So you simmer the bones/meat until they stop throwing off scum (which you need to scoop out with a skimmer of some sort), then you add your vegetables. I threw in an onion, unpeeled and cut into eighths, a couple chopped carrots, a couple celery ribs, a couple garlic cloves, parsley, peppercorns, bay, clove, thyme. Keep this at a bare simmer for as long as you can – the longer you cook it, the more collagen dissolves from the meat and bones, plus there are a lot of vitamins and minerals that leach out of the bones. Strain it and chill it if you’re not going to use it right away. Pick the meat out from your pile of bones and spent veggies and reserve it for the soup.

When you’re ready to make the borscht, you’ll want to gather up the following: beets, cabbage, carrots, potatoes, onion, garlic, canned tomatoes, tomato paste. Start by boiling the beets until they’re tender, at which point you can just slip the skins off. Set them aside to cool. Melt some fat (butter’s good, and I augmented it with some of the fat skimmed from the stock) in your biggest soup pot and throw in a sliced onion. Cook that for a bit and add sliced garlic, then a couple tablespoons of tomato paste. Cook that for a bit to concentrate the flavor, then throw in chopped cabbage, potatoes, and carrots. Saute for a couple minutes, adding a good bit of salt, then add your broth and a can (or jar, if you’ve canned your own) of whole tomatoes with juice. Bring it up to a boil and then simmer until the potatoes and carrots are tender. At that point, cut up your cooked beets and toss them in, along with the meat reserved from the broth. You might need to add extra water to thin out the soup (I did!) – you want this to be fairly brothy.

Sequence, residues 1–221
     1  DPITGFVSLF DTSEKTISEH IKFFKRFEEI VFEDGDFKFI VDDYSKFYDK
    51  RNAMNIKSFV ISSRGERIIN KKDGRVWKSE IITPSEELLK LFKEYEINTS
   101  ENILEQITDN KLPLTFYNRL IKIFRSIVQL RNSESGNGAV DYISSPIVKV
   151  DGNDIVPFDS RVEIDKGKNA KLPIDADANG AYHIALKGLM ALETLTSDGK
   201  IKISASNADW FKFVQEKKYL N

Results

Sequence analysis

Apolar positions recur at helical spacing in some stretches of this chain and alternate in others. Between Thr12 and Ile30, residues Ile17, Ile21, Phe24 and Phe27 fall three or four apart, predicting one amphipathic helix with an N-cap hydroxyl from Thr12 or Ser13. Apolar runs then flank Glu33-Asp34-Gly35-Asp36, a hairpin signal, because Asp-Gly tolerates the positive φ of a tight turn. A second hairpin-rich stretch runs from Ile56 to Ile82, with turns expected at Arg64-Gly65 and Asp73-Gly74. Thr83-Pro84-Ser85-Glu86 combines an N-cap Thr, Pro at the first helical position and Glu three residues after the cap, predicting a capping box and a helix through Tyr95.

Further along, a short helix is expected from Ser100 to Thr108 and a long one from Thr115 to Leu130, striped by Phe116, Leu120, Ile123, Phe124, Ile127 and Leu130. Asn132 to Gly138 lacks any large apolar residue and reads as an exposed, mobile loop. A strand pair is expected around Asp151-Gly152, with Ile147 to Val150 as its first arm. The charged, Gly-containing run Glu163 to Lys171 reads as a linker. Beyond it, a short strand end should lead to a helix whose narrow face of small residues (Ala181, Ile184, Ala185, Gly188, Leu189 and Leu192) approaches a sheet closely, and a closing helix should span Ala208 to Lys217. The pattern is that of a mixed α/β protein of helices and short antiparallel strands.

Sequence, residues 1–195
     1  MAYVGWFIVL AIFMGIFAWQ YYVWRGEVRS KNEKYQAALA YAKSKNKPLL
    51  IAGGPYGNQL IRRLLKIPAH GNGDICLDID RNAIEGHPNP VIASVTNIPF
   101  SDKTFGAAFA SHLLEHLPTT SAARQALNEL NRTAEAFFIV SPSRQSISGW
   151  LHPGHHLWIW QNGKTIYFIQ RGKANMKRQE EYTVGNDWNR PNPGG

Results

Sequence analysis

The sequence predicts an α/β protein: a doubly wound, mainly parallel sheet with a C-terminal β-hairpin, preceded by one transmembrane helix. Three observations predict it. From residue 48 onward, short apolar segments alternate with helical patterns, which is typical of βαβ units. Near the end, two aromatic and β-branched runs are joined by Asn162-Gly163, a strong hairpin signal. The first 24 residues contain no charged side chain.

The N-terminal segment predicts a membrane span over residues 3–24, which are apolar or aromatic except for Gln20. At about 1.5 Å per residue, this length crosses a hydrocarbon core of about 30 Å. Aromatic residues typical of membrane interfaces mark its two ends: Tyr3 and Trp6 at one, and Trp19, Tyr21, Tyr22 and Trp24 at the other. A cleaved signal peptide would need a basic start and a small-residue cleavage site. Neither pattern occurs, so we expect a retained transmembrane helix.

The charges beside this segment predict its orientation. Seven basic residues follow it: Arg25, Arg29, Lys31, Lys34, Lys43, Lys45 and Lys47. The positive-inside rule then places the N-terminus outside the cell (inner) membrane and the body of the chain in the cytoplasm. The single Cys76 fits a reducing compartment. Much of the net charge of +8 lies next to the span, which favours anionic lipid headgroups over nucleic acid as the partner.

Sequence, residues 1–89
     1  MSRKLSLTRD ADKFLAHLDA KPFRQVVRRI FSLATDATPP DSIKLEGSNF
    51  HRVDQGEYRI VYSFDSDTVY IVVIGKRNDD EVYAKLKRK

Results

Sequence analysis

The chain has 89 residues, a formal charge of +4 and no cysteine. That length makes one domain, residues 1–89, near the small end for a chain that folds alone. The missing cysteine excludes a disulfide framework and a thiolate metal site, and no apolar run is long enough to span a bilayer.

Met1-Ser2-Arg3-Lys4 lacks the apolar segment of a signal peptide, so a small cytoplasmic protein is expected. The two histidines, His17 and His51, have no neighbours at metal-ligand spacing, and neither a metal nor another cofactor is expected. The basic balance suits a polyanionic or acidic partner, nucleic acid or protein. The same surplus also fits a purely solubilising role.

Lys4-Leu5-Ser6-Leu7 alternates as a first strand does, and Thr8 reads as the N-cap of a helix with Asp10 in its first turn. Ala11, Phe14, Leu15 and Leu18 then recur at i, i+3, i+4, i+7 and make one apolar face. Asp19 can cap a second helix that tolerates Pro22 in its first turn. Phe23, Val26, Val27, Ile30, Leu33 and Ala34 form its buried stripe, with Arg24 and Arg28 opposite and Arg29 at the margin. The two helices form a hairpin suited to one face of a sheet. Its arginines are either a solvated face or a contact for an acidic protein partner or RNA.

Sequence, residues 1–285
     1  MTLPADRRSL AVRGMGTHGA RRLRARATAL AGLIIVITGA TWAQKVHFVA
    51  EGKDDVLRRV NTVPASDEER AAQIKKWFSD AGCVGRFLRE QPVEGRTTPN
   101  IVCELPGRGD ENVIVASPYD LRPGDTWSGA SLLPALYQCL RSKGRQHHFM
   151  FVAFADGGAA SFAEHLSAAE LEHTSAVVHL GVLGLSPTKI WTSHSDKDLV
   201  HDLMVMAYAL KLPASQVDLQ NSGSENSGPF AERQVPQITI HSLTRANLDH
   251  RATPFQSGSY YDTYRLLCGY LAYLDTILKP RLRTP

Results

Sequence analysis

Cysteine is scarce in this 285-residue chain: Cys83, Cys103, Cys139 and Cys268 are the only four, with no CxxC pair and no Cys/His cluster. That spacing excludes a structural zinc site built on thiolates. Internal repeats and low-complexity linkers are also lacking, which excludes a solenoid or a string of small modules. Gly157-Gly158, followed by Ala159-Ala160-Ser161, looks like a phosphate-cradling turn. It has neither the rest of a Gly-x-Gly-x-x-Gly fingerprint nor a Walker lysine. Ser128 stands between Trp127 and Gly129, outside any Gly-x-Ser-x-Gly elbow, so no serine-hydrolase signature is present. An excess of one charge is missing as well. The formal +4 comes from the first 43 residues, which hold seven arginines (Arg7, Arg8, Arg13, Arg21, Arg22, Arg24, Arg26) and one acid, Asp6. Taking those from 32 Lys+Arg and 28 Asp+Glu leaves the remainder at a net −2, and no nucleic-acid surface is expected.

This really needed more water added to it, but I was nearly out of room in the pot!

Traditionally, borscht is served with sour cream and fresh dill. I have creme fraiche (SUPER DUPER EASY TO MAKE YOUR OWN!) and dried dill – they certainly made for a more-than-passable garnish for the soup.

All set to eat!

I just ate breakfast and now I’m hungry again. I think I know what’s for lunch!

Borscht

  • 2 quarts beef broth, either homemade or purchased (chicken stock is fine, too)
  • 2 TB butter or other fat
  • 1 medium onion, halved and sliced into 1/8″ pieces
  • 2 cloves garlic, sliced
  • 2 TB tomato paste
  • 1/4 head cabbage, sliced thinly
  • 2 carrots, halved lengthwise and cut into 1/2″ chunks
  • 2 medium potatoes (yukon gold or red are good choices here), halved and cut into 1/2″ pieces
  • 1 28oz can whole tomatoes in juice
  • 3 medium beets, boiled, peeled, and sliced into 1/4″ chunks
  • 1-2 cups cooked beef (simmer stew meat in commercial broth until tender before starting the soup if you don’t make your own stock)
  • juice of 1/2 lemon
  • sour cream or creme fraiche and fresh or dried dill fronds for garnish

Melt butter/fat in a large pot and saute sliced onion until softened. Add sliced garlic and cook until fragrant. Add tomato paste and stir for a couple minutes, until slightly darkened. Add sliced cabbage, carrots, and potatoes, then tomatoes (break them up with your hands first) and broth. Bring to a boil, then reduce heat and simmer until potatoes and carrots are barely tender. Add cooked beets and beef and simmer 15 minutes to heat through and meld flavors. Finish with lemon juice and salt and pepper to taste.